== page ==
Wednesday, March 14, 2007

Tech Writing

While most of the yammering in the world is about politics, my experience is that most of the profound ideas of our day come from science and industry. We yammer about politics because it is a cheap, easy and provocative thing to do.

In the last half century, a very large number of powerful ideas have come from the field of computer programming and systems design.

Sadly, the great ideas from science and engineering rarely get good coverage in the mainstream media.

Ideas from science and industry show up on store shelves, in medicine and in services. We often see advertisements for products created by industry, but the actual doings of industry and science rarely make it into broader cultural discourse.

When science does break the news, it often does so couched in fluff pieces like articles on global warming or intelligent design.

Yes, I was actually happy last year when people were debating intelligent design because it got people talking about biology, geology and other hard core science.

Unfortunately, the thrust of mainstream debates on science involve political actions. The ID debate was not presented as an invitation to explore ideas, but positioned as a method to quash science. The intelligent design debate was a golden opportunity to discuss the wonders of science. Unfortunately, the debate was dominated by loud mouth jerks like Richard Dawkins and Sam Harris who wanted to use the debate as a pulpit from which to proclaim their hatred of Christianity.

BTW, it seemed obvious to me that ID posed absolutely no threat to science. Science always benefits from open discourse. The effect of a good open debate about the origins of man will have the affect of drawing people into the sciences.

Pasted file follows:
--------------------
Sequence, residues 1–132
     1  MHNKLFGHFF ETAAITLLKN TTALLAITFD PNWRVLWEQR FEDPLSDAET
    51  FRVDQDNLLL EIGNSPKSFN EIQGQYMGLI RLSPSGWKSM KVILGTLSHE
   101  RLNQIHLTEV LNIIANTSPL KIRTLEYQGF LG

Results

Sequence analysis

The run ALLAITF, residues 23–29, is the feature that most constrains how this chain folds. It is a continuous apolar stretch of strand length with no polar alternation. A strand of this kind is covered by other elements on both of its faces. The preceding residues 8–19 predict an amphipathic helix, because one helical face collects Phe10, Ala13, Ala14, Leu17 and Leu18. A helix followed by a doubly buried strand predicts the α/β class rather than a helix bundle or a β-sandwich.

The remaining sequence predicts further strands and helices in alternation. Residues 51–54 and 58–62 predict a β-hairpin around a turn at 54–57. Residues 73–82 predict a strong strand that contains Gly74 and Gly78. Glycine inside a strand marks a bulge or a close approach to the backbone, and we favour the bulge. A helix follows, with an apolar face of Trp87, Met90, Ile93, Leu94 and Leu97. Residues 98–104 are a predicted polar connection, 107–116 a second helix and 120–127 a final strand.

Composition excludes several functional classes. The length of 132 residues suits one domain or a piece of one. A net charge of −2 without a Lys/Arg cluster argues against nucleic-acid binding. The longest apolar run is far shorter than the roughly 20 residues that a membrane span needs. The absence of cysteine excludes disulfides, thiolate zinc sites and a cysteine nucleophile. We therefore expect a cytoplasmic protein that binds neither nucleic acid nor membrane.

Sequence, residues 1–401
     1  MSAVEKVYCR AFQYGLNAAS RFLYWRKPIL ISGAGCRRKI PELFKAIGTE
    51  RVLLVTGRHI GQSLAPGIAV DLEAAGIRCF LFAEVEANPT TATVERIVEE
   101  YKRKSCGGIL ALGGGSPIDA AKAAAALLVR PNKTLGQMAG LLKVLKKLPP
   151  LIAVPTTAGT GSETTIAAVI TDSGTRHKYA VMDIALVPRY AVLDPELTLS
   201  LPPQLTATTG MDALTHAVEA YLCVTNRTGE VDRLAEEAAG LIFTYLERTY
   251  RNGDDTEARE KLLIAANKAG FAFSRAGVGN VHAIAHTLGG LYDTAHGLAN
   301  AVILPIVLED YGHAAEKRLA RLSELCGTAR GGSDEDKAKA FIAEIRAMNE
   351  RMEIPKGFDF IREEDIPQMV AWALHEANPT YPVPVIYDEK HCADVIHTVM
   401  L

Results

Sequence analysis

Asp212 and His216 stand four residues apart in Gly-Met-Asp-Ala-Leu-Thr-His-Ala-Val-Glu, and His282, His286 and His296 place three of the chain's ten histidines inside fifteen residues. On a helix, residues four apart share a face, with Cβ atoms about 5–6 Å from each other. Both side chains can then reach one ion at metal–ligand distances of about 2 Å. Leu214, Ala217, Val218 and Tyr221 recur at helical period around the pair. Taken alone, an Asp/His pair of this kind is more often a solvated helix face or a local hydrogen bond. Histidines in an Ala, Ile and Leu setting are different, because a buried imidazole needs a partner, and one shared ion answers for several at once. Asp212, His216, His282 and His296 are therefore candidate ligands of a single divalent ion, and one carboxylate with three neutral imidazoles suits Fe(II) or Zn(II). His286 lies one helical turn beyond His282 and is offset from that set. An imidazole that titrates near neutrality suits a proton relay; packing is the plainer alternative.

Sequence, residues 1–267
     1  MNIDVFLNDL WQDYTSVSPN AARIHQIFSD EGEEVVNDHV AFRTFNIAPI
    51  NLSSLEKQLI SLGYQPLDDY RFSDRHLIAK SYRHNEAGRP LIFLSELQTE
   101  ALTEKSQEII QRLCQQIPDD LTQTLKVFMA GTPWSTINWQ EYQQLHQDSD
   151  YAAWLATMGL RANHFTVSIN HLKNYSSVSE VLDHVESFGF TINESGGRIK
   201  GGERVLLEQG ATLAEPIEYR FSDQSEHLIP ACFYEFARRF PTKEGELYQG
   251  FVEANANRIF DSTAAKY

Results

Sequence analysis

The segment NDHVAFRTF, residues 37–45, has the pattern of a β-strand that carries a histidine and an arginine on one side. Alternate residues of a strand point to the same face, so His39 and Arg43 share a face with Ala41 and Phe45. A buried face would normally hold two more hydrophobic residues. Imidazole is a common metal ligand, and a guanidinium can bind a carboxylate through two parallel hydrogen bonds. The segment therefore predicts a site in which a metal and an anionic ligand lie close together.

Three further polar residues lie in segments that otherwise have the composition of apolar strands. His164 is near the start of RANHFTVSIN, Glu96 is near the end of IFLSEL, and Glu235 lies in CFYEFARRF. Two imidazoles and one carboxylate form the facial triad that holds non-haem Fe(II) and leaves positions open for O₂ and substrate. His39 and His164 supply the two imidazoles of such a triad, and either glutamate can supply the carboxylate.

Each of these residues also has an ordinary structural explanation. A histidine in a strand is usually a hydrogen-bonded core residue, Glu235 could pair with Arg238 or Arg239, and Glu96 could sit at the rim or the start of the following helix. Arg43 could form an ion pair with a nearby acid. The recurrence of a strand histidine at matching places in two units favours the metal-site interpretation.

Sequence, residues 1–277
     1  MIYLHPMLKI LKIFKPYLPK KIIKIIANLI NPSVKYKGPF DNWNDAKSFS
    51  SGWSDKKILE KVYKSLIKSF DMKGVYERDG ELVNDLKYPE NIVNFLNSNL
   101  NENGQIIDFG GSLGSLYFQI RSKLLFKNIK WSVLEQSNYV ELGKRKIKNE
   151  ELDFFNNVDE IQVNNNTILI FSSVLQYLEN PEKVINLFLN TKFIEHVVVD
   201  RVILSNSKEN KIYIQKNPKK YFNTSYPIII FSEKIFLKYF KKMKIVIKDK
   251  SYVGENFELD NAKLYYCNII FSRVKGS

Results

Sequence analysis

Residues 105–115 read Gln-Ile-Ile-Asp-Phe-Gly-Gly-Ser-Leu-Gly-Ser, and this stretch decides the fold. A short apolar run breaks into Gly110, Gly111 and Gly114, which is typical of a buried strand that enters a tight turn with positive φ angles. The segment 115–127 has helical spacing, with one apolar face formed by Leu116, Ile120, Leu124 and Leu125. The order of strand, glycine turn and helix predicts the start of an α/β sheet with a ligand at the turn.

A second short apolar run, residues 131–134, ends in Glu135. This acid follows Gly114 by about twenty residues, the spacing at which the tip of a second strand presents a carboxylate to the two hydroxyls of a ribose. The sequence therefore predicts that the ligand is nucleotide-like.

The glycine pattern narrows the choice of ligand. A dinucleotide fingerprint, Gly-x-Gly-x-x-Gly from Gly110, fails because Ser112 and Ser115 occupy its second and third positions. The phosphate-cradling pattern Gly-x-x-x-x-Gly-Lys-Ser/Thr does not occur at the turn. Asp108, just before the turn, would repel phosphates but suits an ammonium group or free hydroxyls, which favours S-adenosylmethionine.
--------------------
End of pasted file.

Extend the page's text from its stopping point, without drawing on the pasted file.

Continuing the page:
As for global warming, I find discussions about climate fascinating. Sadly, the main thrust of the global warming debate seems to be that global effects on temperature demand micromanagement of individual activity.

What irks me is that science in the MSM (a term which includes Fox News) tends to present science in the context of conflict and not as discovery.

I’ve read a great deal of classical literature. It seems that, at the height of the enlightenment, that there was more of unified amazement of the discoveries of science. With Hegel and Darwin, you started seeing an uber-politicalization of science which turned public discourse of scientific from discovery to shrill political battles.

In the classical world, science and logic were central to the pursuit of truth. In the progressive world, science is seen as a series of conflicts. The modern view holds the scientist is a Romantic hero in a culture war against the evil conservative. This idea of the scientist as a Romantic hero fighting against a moribund regressive society is sensational, but it ends up masking the beauty of the ideas behind science.

The idea of the scientist as romantic hero also seems to have the affect of splitting scientists into non-communicative camps who are more interested in supporting the myths behind their romantic heroes, rather than pursuing truth. A good example of this is linguistics which is more appropriately called the worship of Chomsky than an science.